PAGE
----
-- Beauty for Ashes
-- The Gathering of the Nets
-- Memories of Melrose
Walking on Clouds, Geert D'hollander (b. 1965)

4:15–4:30 pm
Bethany Collins, a Reading

Multidisciplinary artist Bethany Collins, whose installation A Pattern or Practice was included in the Smart Museum's exhibition Take Care, reflects on care with a reading.
Bethany Collins is a multidisciplinary artist whose conceptually driven work is fueled by a critical exploration of how race and language interact. Language is both her subject and primary material—from dictionaries and encyclopedias to literary journals and newspaper archives. Language is also a prism through which she explores American history and the nuance of racial and national identities. Collins’ work has been exhibited at: The Studio Museum in Harlem, New York; Goodman Gallery, Johannesburg, South Africa; Contemporary Art Museum, St. Louis; Birmingham Museum of Art, Birmingham, Alabama; High Museum of Art, Atlanta; Wexner Center for the Arts, Columbus, Ohio; Locust Projects, Miami; Smart Museum of Art, Chicago; and The Center for Book Arts, New York, among others. She has also received grants, awards, and residencies from the Pollock-Krasner Foundation, Bemis Center for Contemporary Art, Hyde Park Art Center, The Studio Museum in Harlem, Artadia, and the Rural Alabama Initiative, among others. Collins was the 2015 recipient of the Hudgens Prize at the Hudgens Center for the Arts in Duluth, Georgia, and a 2018 recipient of Efroymson Contemporary Arts Fellowship.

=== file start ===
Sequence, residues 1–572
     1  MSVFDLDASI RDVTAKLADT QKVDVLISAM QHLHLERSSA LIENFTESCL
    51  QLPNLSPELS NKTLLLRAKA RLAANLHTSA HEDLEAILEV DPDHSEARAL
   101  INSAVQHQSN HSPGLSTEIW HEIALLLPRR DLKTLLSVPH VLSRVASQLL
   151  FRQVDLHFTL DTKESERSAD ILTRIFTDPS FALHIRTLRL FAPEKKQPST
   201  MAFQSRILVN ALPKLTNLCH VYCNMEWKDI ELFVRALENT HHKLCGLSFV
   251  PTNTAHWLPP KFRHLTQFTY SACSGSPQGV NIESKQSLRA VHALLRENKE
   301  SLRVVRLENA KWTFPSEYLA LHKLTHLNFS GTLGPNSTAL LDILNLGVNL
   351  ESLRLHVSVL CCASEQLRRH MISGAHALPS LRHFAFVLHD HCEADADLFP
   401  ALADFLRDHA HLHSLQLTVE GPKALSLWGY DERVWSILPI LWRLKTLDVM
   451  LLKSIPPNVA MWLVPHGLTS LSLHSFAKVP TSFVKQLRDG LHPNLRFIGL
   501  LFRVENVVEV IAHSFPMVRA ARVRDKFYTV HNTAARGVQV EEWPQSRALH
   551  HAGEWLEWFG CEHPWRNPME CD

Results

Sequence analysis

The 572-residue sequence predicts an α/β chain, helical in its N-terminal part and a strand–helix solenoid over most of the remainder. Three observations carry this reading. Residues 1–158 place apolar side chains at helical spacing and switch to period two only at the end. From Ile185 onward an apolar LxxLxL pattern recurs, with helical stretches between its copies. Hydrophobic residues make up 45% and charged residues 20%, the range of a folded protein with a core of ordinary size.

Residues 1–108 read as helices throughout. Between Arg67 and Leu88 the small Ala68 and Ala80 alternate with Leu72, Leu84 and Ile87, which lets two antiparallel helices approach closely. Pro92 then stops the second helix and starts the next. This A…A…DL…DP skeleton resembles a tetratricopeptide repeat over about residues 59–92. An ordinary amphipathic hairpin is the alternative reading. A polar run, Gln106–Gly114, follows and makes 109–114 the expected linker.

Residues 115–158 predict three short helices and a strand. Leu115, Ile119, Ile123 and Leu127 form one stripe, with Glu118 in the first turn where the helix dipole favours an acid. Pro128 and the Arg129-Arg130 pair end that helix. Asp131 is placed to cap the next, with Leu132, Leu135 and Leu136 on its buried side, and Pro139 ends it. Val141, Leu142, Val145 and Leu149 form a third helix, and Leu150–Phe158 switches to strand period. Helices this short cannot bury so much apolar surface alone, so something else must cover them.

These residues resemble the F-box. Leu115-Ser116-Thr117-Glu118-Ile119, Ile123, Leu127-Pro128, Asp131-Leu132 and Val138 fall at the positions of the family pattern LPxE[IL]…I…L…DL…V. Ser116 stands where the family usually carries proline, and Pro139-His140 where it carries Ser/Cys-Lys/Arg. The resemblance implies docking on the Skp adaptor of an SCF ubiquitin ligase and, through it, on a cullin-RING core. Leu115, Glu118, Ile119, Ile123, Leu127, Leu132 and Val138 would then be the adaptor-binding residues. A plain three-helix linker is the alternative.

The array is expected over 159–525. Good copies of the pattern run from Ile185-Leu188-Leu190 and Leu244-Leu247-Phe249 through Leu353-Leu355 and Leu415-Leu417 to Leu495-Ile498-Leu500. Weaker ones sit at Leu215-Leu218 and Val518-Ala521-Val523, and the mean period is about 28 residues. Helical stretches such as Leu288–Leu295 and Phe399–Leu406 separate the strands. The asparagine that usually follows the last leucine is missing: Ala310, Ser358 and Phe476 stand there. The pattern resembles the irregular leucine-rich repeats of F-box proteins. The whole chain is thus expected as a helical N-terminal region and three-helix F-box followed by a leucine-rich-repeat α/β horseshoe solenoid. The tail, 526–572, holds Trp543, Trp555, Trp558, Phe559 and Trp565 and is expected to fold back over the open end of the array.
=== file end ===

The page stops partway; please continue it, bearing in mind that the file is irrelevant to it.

5–5:15 pm
Wiggly Wonderful Worms

How can you take care of the earth, the soil, your plants, and even some wriggly red worries all in one project? Easy! Learn how to build a worm bin with us. Also known as a vermo-composter, you can turn your inedible food scraps from home into incredible soil for your springtime garden. 

Led by Erik L. Peterson, Manager of Family Programs and Student Engagement at the Smart Museum.

5:15–5:45 pm
One Seed at a Time

Join us on a journey learning about organic mammoth sunflowers and how we can care for ourselves by caring for these magnificent plants. 
Sunflower Project US is a not for profit organization that focuses on restorative benefits and smiles from growing 15 to 20 ft sunflowers in urban areas. Rita Alvarez is executive director of Sunflower Project US and a Lead Museum Educator at the Smart Museum. Kathryn Fitzgerald, in addition to being executive secretary of Sunflower Project US, is a Lead Museum Educator at the Smart Museum.

6–6:45 pm
Take Care: An Art Lesson

Get a glimpse into the Smart’s K-12 residency program and join us for a live, virtual workshop where we’ll be discussing the Take Care exhibition and participating in art making. No experience required and suitable for everyone! This workshop will be an adapted lesson from the K-12 Art Education Residency Program that introduces students to art analysis and fundamental techniques in artmaking. During the workshop, we will look at Untitled #6 by Laura Letinsky and The Unmade Bed by Imogen Cunningham to explore scenes of domesticity and reflect on homelife during the pandemic. Following the discussion, we’ll consider how we can capture our own homelife through still lifes and contour techniques. There will be a collaborative playlist for everyone to listen to while we explore with art making.
The program will be led by UChicago undergraduates Sarahi Rincon Molina, ’23, Juan Pablo Azuero-Dajud, ’21, and Stella Shiffrin, ’22, who are currently interns at the Smart Museum’s Public Practice Department.

7–7:45 pm
Bedtime Stories and Lullabies